v. Rivers, 209 Ga. 98 (6)
(70 S. E. 2d 734), it was held that an action for malicious use of process where neither the person of the defendant was arrested nor his property attached, allegations relating to libelous averments injurious to reputation would not constitute such special damage as would support the prosecution of the action. It follows that in this case, a suit for malicious use of process in a civil case where the person of the defendant was not arrested or his property attached, and where the only damages sought are damages to the credit reputation of the plaintiff in this action, mental anguish which "impaired his earning capacity and caused him to suffer loss of sleep" and damage to the reputation of the plaintiff, his wife and family, no special damages are alleged such as would support the action, for which reason the trial court did not err in sustaining the general demurrer and dismissing the petition.
This case seems to be controlled in principle by the Rivers case, which was a decision by a divided bench, four justices enunciating the rule here expressed and three joining in a dissent insisting that the rule as set out by the majority was inapplicable to that case. Although by a divided bench, the decision of the Supreme Court in the Rivers case is nevertheless a binding precedent on this court, State Highway Dept. v. Wilson, 98 Ga. App. 619 (1)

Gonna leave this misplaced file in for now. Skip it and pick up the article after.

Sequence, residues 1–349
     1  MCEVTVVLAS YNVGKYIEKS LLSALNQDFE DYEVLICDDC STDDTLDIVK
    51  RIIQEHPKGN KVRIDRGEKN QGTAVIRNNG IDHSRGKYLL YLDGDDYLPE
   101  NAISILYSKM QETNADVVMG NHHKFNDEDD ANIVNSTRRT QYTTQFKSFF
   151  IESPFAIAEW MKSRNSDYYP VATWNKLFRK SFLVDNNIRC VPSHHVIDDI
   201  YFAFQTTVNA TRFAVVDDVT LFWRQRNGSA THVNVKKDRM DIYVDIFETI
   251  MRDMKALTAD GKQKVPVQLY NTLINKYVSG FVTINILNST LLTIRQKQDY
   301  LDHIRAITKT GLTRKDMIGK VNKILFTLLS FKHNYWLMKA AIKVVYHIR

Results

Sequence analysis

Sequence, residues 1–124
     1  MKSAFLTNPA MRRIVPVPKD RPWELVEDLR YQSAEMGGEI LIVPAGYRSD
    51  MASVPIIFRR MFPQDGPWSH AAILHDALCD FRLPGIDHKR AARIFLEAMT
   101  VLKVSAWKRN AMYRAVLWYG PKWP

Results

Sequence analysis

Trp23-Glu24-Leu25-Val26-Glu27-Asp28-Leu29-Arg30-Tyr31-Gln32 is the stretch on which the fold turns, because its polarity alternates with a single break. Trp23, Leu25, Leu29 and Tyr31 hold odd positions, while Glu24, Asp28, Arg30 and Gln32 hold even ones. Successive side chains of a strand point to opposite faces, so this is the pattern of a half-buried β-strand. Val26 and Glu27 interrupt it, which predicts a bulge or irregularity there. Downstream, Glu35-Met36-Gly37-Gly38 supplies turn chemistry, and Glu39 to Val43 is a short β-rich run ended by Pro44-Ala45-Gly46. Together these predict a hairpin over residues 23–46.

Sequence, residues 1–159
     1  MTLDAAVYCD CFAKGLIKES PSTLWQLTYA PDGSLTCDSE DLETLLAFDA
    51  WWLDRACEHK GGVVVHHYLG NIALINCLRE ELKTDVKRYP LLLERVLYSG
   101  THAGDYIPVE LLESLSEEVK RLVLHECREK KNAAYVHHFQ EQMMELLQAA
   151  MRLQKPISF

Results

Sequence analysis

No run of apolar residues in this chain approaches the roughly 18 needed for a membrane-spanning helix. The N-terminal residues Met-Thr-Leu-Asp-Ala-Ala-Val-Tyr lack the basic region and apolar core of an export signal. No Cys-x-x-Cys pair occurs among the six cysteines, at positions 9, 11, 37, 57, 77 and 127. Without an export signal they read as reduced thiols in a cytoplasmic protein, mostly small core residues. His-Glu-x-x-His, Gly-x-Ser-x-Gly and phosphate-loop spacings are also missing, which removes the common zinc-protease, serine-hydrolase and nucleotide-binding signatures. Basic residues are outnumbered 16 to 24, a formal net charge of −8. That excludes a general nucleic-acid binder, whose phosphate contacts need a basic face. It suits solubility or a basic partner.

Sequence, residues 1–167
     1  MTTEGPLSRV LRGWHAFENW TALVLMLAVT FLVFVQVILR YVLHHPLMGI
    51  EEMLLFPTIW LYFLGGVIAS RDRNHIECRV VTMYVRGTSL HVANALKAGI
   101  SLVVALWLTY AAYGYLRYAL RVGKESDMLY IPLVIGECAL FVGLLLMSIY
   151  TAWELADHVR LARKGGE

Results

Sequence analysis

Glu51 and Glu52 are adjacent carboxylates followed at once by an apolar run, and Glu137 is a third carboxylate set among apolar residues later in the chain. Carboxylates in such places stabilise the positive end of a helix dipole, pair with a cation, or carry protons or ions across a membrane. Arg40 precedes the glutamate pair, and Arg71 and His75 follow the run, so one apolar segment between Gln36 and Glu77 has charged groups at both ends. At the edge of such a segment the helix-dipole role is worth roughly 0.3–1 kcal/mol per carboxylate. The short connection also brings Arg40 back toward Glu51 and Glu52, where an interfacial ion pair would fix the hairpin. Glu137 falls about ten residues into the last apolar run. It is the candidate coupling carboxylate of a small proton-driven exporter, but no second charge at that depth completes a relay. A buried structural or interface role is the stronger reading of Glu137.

(106 S. E. 2d 544). The plaintiff in error, no doubt recognizing that this court is thus bound, first asked this court to certify the question, but thereafter withdrew his request, probably in view of Cargile v. State, 194 Ga. 20 (1)
(20 S. E. 2d 416), which holds as follows: "The decisions of the Supreme Court shall bind the Court of Appeals as precedents, and the Court of Appeals is not authorized by the constitutional provision permitting that court to certify questions of law to the Supreme Court to request a review by the Supreme Court of a decision rendered by the Supreme Court. Such a request must be declined."
The trial court did not err in sustaining the general demurrer and dismissing the petition.